Versatility is an important quality for any successful athlete to have, but senior quarterback Oliver Kell has taken his versatility and turned it into history here at Bowdoin.

Last Saturday, in a 45-31 loss against an undefeated Trinity team, Kell completed four touchdown passes to break the Bowdoin record for career touchdown passes.

Breaking this record, formerly held by Hayes MacArthur '99, would be a big accomplishment for any quarterback, but is even more impressive coming from one who arrived at Bowdoin looking at an entirely different game plan.

Head Coach Dave Caputi recalled recruiting Kell as a possible safety or linebacker.

However, his plans changed when multiple injuries at the quarterback position in Kell's first year led to his chance to run the offense.

Since then, he has continued to improve and has grown into his role as a team captain and a leader on the field.

According to Kell, the biggest components of his success here have been the coaching and the experience he's gained from starting since freshman year.

Caputi acknowledged that Kell has "achieved a much higher level than I had anticipated" and credits his success to his mental and physical toughness complimented by strong performances by his teammates.

His ability to adjust, however, is another vitally important aspect of his achievements thus far.

"The game is so dependent upon him," Caputi said. "He understands what's going on out there and that each team has a little something different and he's been able to adjust. He's done a very good job."

A good enough job, in fact, to not only surpass the record for career touchdown passes, but also to break MacArthur's record for single season touchdown passes. Kell also set the single season Bowdoin passing record and single season NESCAC total yardage record last year.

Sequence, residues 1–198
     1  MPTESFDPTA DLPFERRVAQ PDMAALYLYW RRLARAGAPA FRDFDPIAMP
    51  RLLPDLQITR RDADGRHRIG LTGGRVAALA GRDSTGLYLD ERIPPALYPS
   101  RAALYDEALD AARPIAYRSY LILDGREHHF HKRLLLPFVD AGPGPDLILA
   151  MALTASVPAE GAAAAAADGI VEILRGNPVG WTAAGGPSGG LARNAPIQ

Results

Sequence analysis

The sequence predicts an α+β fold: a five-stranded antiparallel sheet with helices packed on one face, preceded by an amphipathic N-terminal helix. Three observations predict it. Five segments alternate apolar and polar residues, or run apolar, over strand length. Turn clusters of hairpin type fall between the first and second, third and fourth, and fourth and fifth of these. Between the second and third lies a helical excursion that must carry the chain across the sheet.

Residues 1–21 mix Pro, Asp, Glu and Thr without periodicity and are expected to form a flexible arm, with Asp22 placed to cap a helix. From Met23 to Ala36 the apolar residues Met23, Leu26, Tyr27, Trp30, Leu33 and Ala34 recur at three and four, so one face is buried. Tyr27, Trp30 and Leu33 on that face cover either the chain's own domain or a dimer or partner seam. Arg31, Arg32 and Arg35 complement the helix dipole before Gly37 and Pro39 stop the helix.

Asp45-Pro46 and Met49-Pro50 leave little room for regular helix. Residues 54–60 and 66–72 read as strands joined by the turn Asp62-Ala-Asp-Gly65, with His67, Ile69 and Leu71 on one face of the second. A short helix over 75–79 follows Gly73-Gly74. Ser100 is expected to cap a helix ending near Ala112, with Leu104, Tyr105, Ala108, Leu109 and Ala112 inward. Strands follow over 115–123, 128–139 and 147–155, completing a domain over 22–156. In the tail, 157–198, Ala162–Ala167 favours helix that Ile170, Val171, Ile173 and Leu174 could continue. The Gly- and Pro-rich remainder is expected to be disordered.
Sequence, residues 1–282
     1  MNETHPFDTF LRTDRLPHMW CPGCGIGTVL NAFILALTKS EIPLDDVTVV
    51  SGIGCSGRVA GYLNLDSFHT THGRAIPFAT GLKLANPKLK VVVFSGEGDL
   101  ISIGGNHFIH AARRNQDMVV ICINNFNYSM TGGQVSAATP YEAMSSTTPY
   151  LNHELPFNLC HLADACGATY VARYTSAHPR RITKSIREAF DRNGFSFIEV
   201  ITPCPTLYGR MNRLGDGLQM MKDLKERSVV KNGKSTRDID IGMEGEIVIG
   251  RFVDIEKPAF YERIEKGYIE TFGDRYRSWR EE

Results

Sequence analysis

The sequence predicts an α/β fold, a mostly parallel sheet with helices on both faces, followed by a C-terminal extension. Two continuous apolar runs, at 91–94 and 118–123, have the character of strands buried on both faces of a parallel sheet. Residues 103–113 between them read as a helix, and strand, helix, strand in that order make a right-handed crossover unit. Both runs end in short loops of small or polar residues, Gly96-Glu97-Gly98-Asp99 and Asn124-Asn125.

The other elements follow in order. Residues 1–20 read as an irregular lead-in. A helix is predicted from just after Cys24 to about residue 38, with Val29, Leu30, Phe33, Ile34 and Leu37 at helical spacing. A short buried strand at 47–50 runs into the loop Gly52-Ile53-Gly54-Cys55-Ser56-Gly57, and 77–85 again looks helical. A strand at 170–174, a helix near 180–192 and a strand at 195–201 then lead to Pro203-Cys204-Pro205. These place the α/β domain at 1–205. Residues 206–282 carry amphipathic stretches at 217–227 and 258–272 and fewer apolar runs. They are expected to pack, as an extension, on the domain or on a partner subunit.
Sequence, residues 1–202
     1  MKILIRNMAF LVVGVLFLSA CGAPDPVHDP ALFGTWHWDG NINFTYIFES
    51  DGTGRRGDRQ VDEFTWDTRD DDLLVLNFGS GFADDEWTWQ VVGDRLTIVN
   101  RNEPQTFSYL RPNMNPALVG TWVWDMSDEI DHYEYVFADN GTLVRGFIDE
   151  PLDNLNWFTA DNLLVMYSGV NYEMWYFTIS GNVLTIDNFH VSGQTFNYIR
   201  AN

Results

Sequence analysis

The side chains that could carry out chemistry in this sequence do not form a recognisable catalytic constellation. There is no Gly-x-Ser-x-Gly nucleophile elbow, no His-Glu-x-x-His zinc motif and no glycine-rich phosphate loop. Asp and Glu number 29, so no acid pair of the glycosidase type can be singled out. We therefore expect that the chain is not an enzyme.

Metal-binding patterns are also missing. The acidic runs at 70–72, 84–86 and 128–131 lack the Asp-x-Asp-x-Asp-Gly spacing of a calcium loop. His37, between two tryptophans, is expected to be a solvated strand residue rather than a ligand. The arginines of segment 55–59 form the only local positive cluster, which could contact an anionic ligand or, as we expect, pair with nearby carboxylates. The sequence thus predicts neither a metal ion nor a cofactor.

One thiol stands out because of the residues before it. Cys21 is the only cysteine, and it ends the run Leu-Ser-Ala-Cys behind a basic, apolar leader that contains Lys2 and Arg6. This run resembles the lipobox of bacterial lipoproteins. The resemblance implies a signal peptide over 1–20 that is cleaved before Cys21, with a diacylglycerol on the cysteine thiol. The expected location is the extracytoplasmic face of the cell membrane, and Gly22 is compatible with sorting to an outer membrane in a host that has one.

Senior co-captain Matt Leotti '10 also recognized the impressive strides that Kell has made over his time at Bowdoin.

"He was always pretty good," Leotti said, "but this year he's proven that he's one of the best quarterbacks in the league."

Kell, however, is far more nonchalant about the impressive strides he has made to transform into such a noteworthy quarterback.

In terms of his development as a player, Kell said his confidence and leadership skills have developed immensely and positively affected his game.

"I think I've been playing for so long that I think people look to me to take control and make something happen," said Kell.

Those looking to him have certainly not been let down. So far this season, Kell has completed 127 passes with only four interceptions and passed for 1540 yards on the season, and there are still three games remaining in the regular season.

So after being recruited as a promising safety or linebacker but becoming a star quarterback, how does Kell fit in with other past quarterbacks here at Bowdoin? Caputi laughed this question off, and said "I think the record speaks for itself."